At the risk of sounding pretentious, survival horror games aren’t what they used to be.
Post 2010, the survival horror genre was stagnating. To remain marketable the industry demanded that games in long time horror franchises become more action oriented, and the oppressive settings and compelling narratives that made the genre great were compromised to appeal to a wider audience. True survival horror became more niche than ever. Creating fear of an unseen threat is an art form, but doesn’t sell quite as well as snappy dialogue and chainsaws.
During a behind the scenes feature for 2013’s The Evil Within, classic horror game creator Shinji Mikami himself stated “…survival horror as a genre is becoming all action now. There aren’t any real survival horror games in the world right now. ” (eurogamer)
The Silent Hill franchise in particular had dwindled since being taken from Team Silent and put in the hands of western developers. But at Gamescom 2014, P.T. completly changed expectations. With the perfect mix of terror, isolation, and a mystery to unravel, it became the most sublime horror experience ever created.
The “Playable Teaser” was meant to be an appetizer for a Silent Hill reboot helmed by Hideo Kojima, Guillermo Del Toro and, according to a recent tweet by Del Toro, master of Japanese horror, Junji Ito.
Turns out, some things really are too good to be true.
Konami’s dispute with Hideo Kojima led to the project’s demise. To add insult to injury, P.T. was wiped from their servers, officially making the game a limited commodity. In the following months, Konami as a company moved away from its image as a beloved games developer, and moved on to more profitable things like mobile games and pachinko machines.
Then came Allison Road. What has been called P.T.’s spiritual successor actually began production months before Silent Hills was canceled. The teaser shared P.T.’s first-person view and managed to reproduce just how creepy a “perfectly normal” house can be when desserted.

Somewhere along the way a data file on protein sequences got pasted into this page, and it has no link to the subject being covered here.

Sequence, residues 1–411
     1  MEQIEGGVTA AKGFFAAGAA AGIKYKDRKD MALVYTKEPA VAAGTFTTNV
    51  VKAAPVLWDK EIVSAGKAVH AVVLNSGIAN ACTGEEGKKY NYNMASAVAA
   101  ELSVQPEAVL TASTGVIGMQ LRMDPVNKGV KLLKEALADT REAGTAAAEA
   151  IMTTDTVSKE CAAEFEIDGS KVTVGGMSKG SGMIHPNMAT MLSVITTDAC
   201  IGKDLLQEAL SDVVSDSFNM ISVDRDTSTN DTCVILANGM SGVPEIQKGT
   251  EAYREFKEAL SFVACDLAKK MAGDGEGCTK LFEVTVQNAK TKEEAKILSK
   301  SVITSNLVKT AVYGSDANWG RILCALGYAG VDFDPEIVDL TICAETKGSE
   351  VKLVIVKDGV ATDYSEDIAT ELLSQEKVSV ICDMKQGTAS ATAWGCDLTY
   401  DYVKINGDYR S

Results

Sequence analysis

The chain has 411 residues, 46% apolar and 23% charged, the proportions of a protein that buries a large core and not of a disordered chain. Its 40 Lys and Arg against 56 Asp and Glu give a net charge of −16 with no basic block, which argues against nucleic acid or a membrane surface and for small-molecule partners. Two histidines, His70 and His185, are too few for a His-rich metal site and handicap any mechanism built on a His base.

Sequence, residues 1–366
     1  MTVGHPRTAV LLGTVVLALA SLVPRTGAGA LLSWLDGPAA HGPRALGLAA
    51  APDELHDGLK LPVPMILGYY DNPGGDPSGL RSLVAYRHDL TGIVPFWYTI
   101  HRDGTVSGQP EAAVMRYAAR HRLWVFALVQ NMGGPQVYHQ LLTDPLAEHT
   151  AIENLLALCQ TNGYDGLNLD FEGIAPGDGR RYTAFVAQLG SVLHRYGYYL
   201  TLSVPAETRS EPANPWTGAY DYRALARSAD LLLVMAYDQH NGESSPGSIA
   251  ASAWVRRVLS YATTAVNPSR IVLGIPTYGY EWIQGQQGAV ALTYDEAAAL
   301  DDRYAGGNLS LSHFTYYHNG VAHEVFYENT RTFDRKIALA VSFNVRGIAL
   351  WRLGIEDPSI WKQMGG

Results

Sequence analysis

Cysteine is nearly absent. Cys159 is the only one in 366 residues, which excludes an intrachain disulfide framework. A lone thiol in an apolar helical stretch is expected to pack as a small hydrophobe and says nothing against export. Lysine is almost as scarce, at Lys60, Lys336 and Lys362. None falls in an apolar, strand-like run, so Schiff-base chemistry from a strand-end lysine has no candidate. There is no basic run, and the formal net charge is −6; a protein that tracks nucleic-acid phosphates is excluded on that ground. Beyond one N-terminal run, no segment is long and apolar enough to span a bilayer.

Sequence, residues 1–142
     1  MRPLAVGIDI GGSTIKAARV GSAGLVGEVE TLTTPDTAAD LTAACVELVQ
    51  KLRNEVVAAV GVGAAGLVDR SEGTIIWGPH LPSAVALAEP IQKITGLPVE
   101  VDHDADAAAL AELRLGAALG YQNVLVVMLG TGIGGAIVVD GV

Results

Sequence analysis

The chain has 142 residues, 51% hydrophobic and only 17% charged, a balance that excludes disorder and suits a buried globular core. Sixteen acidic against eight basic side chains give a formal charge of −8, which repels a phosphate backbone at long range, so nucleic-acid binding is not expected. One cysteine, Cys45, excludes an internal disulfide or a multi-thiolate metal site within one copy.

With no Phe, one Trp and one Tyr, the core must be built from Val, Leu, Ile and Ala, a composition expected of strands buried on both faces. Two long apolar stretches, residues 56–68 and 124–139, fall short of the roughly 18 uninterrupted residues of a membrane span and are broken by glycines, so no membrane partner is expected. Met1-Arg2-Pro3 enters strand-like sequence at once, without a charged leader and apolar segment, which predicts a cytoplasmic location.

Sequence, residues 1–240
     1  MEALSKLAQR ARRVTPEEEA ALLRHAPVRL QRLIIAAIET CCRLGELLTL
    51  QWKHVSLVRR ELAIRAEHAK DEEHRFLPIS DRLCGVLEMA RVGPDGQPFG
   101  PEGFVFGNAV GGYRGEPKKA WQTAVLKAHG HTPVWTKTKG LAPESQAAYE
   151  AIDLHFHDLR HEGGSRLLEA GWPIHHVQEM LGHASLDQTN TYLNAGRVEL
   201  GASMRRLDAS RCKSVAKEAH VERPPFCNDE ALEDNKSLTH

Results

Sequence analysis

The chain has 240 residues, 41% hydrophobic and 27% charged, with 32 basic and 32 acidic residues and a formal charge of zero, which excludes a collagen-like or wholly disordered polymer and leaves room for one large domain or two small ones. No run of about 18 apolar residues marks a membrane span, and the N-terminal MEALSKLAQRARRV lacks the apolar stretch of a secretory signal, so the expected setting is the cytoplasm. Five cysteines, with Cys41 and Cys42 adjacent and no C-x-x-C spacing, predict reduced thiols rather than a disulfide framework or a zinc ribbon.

If you’ve been following development on Allison Road, it’s clear that developer Lillith knows exactly what makes a good horror game tick. On their Kickstarter page, the creators stress how important atmosphere and narrative are to giving a game the right feel. The campaign opened strong, but pledges dwindled after the first week of funding.
With time running out and almost half of their 250,000 goal left unfunded, fans wondered what would become of the project. A similarly beautiful, story-driven game called Gray Dawn failed to meet even a fraction of its Kickstarter goal, despite having an impressive teaser trailer rendered in Unreal Engine 4. Indie games have become our last hope for fresh, artistic horror experiences, but it doesn’t count for much if they are unable to get off the ground.
This time around, things were not as bleak as they seemed. Backers were notified on Monday morning that Allison Road’s Kickstarter campaign was going to be scrapped in favor of joining established publisher Team17, known for the Worms franchise. Lillith states that they will remain “unhindered creatively”, but look forward to the backing of an experienced studio.
And if you were one of the game’s loyal backers? According to Lillith, they will be looking into ways to include fans in different ways later on in the games development.
P.T. left a lot of gamers excited to be scared again. Conditions are ripe for a survival horror rennaissance, and Allison Road’s success could inspire more developers to create games that are faithful to the genre. Look out for more details on Allison Road’s release in 2016.